Evolution of European Post-Trade Arrangements Under T2S: Impact on Asset Servicing and Securities Payments

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19 June 2014


Asset servicing and securities payments are two aspects in the post-trade value chain that will not be directly addressed by the Target2Securities platform. As the settlement part moves to T2S, firms are grappling with the challenges of asset servicing and securities payments.

In the report Evolution of European Post-Trade Arrangements Under T2S: Impact on Asset Servicing and Securities Payments, Celent discusses different strategies that firms in the European post-trade value chain are likely to pursue in their asset servicing and securities payment arrangements in a post-T2S world.

Dependence on local specificities has traditionally meant that asset servicing has been provided by local custodians specializing in local markets. Regardless of whether a firm decides to access T2S directly or indirectly, it must have its assets serviced, and it is unlikely that many players will try to do this on their own. Local and regional custodians, iCSDs, and to some extent the CSDs are restructuring, innovating, and in some cases building up asset servicing capabilities in preparation for T2S. Provision of asset servicing only will be part of their offerings, but some are designing more variations such as the account operator model or the direct settlement model.

Regional custodians are positioning themselves as experts in multiple local markets, while iCSDs are improving their asset servicing capabilities to be at par with the regional custodians. Typical buyers of custody services, which include global custodians, CCPs, and broker dealers, are waiting for more clarity on what the market will be able to offer them.

“Buyers of custody service are reassessing their subcustody networks and will likely consolidate them,” says Arin Ray, Analyst with Celent’s Securities & Investments Group and coauthor of the report. “However, scope of consolidation may be limited because it concentrates risk. Moreover, global custodians who acquired global custody businesses of local players usually use local firms as their local custody partners.”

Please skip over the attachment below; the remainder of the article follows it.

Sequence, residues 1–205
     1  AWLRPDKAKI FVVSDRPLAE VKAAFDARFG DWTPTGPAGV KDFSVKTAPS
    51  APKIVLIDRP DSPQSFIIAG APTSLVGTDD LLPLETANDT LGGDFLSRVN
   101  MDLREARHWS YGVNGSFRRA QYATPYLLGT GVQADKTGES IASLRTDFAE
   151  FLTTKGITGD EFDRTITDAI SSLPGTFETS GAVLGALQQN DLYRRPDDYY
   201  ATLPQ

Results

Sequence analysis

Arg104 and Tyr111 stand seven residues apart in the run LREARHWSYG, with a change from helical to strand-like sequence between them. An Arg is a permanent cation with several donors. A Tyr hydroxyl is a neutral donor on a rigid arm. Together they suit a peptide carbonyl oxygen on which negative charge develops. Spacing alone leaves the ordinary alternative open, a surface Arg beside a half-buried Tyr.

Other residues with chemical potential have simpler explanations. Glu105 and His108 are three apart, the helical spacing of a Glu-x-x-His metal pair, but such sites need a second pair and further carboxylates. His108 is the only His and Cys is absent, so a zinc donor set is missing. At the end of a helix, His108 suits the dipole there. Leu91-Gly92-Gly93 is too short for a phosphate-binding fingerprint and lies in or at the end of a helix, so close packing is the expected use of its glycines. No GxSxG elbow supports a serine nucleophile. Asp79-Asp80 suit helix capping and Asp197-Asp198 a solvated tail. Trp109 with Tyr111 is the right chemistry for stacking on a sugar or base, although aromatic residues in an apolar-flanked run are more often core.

For securities payments, there will be dedicated cash accounts within the T2S platform with links to the RTGS accounts of T2 for liquidity, but banks will also be able to use auto-collateralization in T2S. So the DVP will take place in the T2S platform or be enabled by T2 RTGS liquidity providing. With the unbundling of settlement, asset servicing, and custody, fees will also be unbundled. Hence where some market participants used to get their securities activities funded nearly for free by agent banks, the cost of commercial bank funding will likely increase.

“Central bank money is cheaper than commercial bank money, so many market players are evaluating new settlement and asset servicing offerings for cheaper funding of the DVP overnight activities,” says Joséphine de Chazournes, Senior Analyst with Celent’s Securities & Investments Group and coauthor of the report. “But not everyone wants to use central bank money because the administrative and legal implications may be substantial. This will also impact collateralization procedures, impacting their treasury, and the links it will have with all businesses of the banks.”

This research is part of Celent’s ongoing coverage of T2S developments and was carried out in partnership with SWIFT. This research greatly benefited from detailed discussions with 17 major participants representing the different categories of providers and customers of post-trade services in Europe, including four global custodians, four regional custodians, two subcustodians, two iCSDs, one CSD, one regional CCP, and three broker-dealers.

In this report we discuss the implications of T2S beyond settlement and what it means for asset servicing and securities payments function. We try to foresee which asset servicing capabilities will be offered in a post-T2S world, which market players will offer them, and under which models they are likely to offer them. Similarly we discuss how the securities payments function will evolve, and what would shape firms’ strategies regarding their payment arrangement.